Special needs trusts also referred to as “supplemental needs trusts” are a type of trust designed to prevent the beneficiary from being disqualified from government or other benefits due to the fact that they are the beneficiary of a trust.
A bit about trusts in general: A trust is a special vehicle designed to hold assets and distribute them for the benefit of a person or persons. Unlike any other type of entity like a corporation, a trust has no owners or shareholders. There are three elements to any type of trust: 1. The grantor who creates and funds the trust, 2. The beneficiaries, and 3. The trustee.
In some cases, one person may serve in multiple roles. All trusts are one of two types: a revocable trust or an irrevocable trust. As the language implies, a revocable trust may be revoked or changed while an irrevocable trust may not be revoked or modified – with a few exceptions. What makes a special needs trust different is a specific provision that the trustee MAY NOT make distributions to a disabled beneficiary for things that would otherwise be paid for by the government or other entity. One example would be Social Security Disability. Absent certain provisions a person could be disqualified from receiving benefits that are needs based (income and assets). The goal of someone creating a special needs trust is to provide benefits to a disabled person that are above and beyond those that are provided elsewhere. Some examples include clothing, travel, special types of assistance. This list goes far beyond the scope of this article.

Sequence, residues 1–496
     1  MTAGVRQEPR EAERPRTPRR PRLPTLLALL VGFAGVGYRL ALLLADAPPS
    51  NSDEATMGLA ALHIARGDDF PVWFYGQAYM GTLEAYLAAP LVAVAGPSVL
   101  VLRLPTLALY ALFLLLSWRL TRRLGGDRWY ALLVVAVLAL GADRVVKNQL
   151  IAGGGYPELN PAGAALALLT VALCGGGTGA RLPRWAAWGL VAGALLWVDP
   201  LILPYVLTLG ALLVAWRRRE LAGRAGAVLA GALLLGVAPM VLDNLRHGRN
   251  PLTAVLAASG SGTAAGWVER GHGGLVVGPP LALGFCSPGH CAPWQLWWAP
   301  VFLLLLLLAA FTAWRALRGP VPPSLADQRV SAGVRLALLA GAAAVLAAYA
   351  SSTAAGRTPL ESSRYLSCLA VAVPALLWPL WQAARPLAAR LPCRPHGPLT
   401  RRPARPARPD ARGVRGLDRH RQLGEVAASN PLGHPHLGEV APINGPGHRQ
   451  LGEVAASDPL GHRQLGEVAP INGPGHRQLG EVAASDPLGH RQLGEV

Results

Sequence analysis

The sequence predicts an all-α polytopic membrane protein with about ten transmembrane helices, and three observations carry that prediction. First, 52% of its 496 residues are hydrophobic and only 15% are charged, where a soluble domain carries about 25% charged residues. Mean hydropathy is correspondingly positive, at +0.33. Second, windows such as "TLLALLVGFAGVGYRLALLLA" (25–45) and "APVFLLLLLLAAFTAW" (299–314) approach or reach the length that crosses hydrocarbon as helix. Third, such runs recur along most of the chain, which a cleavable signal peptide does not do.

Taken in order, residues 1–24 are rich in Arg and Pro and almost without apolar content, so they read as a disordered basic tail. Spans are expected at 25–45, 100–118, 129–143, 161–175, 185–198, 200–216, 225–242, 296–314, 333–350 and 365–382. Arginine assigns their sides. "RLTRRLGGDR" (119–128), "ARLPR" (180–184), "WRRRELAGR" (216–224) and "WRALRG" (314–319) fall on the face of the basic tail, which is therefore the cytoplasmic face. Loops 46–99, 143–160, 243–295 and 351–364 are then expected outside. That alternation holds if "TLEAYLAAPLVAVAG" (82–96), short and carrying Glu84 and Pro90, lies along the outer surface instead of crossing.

This type of trust is normally irrevocable and created by a will. In some cases, a special needs trust may be created for a group of beneficiaries that are not disabled but could be. In this case, the language is simply ignored if the person is not disabled, but it is there just in case. The language required for a special needs trust is very specific and requires a higher degree of skill than other estate planning documents.
Some people decide to leave money for a disabled child (young or adult) to someone else so it can never be counted against them. This is dangerous as the person to whom the funds are given could spend or mismanage them. Even if this third party is a trusted, highly responsible person, what happens if they become incapacitated, die, divorce or whatever?
For more information contact a qualified attorney or discuss your need with David Disraeli at 512-464-1110 or firstname.lastname@example.org.
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